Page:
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Sad BusinessmanWhen I came home from a year of traveling and living in Asia in 1997, I thought I would be happier. After all, I had just experienced a grand adventure, hiking the mountains of Nepal and working at schools and hospitals in Thailand and India.

Once I arrived home in Los Angeles, however, my mind and heart felt out of alignment with everything around me. My soul had one foot in Asia and one foot in the US. Although the airplane carried me home in about a day, the transition was not that clean.

Back home in LA, life seemed to be going on as before, as normal, but I had changed so much. I shared travel stories with friends and family but I could not properly convey what I had experienced. For a while I was of sync with those closest to me.

In many ways, reentry can be harder to adjust to than moving to a new culture. Many returnees find themselves grappling with depression and a sense of aimlessness.

In some parts of the world, the pandemic is still raging; in others, it is waning. If you find yourself in a place where things are opening back up, you may experience reentry issues, like expats returning home but with the added trauma of COVID.

As we venture back out into life again, we may struggle to adjust. For example, if you put off appointments like doctor visits or car maintenance during the pandemic you may find the thought of scheduling them overwhelming. You may be worried about how to manage your calendar, how to prioritize social engagements, or how to deal with changes to kids’ schedules.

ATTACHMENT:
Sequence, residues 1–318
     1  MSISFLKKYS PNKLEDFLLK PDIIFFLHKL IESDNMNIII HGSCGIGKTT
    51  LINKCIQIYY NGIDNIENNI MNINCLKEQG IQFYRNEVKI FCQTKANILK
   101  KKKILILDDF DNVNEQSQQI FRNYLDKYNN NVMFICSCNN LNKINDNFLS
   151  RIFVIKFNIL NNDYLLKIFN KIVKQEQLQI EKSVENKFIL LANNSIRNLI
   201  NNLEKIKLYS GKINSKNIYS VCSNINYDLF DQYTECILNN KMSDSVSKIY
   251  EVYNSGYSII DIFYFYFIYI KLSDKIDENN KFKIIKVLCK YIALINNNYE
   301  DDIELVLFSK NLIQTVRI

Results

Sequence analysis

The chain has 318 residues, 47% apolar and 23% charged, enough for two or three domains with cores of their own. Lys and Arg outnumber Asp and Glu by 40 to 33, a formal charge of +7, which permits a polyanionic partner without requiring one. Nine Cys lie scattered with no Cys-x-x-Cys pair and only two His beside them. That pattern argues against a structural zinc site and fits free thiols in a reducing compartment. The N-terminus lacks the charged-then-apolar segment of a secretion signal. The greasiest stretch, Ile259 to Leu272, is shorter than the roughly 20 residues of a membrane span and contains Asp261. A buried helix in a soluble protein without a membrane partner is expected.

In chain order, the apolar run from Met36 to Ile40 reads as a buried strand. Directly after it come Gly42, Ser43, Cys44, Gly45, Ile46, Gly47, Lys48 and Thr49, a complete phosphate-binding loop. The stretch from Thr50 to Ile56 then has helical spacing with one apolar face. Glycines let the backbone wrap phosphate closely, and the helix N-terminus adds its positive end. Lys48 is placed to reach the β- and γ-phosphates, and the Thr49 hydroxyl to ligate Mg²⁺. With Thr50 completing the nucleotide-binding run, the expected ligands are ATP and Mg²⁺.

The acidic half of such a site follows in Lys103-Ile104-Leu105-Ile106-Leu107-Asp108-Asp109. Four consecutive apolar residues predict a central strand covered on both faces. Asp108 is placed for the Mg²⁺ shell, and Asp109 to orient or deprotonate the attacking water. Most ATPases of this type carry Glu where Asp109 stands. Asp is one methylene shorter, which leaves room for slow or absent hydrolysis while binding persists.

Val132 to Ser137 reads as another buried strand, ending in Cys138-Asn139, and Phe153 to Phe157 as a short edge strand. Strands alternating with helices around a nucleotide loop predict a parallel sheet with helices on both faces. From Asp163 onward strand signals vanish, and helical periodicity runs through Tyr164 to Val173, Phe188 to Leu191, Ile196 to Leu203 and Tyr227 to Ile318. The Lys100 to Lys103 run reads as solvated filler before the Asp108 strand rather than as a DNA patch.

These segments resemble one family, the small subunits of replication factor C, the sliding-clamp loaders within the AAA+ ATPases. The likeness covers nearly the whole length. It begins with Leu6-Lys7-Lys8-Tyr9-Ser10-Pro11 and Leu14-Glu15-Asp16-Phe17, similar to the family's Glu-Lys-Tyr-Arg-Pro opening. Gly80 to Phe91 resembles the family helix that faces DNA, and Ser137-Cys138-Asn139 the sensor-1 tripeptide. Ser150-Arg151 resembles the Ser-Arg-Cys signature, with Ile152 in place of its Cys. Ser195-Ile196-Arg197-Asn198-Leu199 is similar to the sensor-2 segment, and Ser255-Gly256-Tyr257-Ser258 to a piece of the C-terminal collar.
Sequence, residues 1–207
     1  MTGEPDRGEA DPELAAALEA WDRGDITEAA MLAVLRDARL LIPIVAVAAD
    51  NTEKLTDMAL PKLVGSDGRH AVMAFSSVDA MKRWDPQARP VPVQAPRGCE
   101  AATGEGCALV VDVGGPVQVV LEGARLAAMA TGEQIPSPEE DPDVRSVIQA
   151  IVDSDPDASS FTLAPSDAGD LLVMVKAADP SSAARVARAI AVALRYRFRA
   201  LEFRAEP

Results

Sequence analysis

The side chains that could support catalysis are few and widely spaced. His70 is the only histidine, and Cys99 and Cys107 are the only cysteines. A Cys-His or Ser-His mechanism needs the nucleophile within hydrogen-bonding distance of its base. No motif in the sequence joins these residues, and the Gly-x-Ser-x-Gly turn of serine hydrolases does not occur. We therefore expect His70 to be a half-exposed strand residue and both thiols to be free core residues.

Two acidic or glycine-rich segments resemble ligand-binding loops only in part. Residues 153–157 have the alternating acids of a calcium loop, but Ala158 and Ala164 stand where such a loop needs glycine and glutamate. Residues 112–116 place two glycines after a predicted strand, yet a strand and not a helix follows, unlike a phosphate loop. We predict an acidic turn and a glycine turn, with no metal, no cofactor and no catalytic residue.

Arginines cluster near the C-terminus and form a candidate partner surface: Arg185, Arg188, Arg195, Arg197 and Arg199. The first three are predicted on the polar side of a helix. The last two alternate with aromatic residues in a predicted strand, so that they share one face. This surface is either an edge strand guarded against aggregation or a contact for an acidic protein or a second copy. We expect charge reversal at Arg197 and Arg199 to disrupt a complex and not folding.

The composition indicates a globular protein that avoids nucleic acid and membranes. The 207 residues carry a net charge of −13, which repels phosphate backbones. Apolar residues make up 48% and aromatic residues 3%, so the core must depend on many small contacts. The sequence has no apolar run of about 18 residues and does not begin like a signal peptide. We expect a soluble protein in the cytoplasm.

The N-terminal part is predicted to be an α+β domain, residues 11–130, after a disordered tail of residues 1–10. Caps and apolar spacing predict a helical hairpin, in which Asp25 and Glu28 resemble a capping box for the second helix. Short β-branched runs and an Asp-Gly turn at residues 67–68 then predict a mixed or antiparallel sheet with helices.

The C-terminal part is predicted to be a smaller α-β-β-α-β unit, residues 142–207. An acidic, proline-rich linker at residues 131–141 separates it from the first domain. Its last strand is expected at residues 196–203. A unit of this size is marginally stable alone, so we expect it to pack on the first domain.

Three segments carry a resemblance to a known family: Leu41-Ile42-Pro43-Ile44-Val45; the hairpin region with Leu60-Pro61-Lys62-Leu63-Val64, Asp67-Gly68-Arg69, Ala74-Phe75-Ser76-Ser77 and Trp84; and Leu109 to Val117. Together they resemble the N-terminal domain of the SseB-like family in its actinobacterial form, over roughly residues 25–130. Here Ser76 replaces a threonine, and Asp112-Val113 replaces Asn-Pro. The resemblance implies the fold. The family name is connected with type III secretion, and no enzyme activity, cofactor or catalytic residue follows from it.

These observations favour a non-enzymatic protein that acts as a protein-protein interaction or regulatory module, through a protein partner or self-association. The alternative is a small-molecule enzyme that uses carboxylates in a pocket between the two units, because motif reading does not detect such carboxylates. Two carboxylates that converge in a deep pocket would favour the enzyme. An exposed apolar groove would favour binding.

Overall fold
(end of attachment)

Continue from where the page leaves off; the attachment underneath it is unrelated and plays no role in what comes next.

Most of all, you may still be in mourning over everything we’ve lost. While life may be starting to look normal and perky on the outside, it may be months or more before we process all that has happened, especially if you lost loved ones.

Here are a few things that helped me in my many reentries:

  • Be kind to yourself. Reentry is hard, bottom line, especially from a global pandemic. If you double-book something on your calendar, for example, go easy on yourself.
  • Acknowledge difficult emotions and ditch the “should’s.” Just because you should feel happy about seeing friends again or going to lunch at a restaurant, doesn’t mean you will. These changes are likely to bring about a lot of difficult emotions.
  • Witness and accept: When difficult emotions arise, observe and witness them. Notice where they show up in your body. Give them a gentle awareness and acceptance.
  • Be patient. With so much trauma and loss, we may struggle with reentry for a long time. Grief and transition have their own timelines. Be patient with yourself and others.

If we acknowledge the difficulties of this transition, we can go through it with empathy and honesty. Be safe and be well.

Vicki Flier Hudson

Vicki Flier Hudson, Chief Collaboration Officer for Highroad Global Services, Inc. inspires people to leverage the full power of differences. She has helped countless large-sized corporations establish successful operations across the globe and build bridges across cultures, distance, and time.

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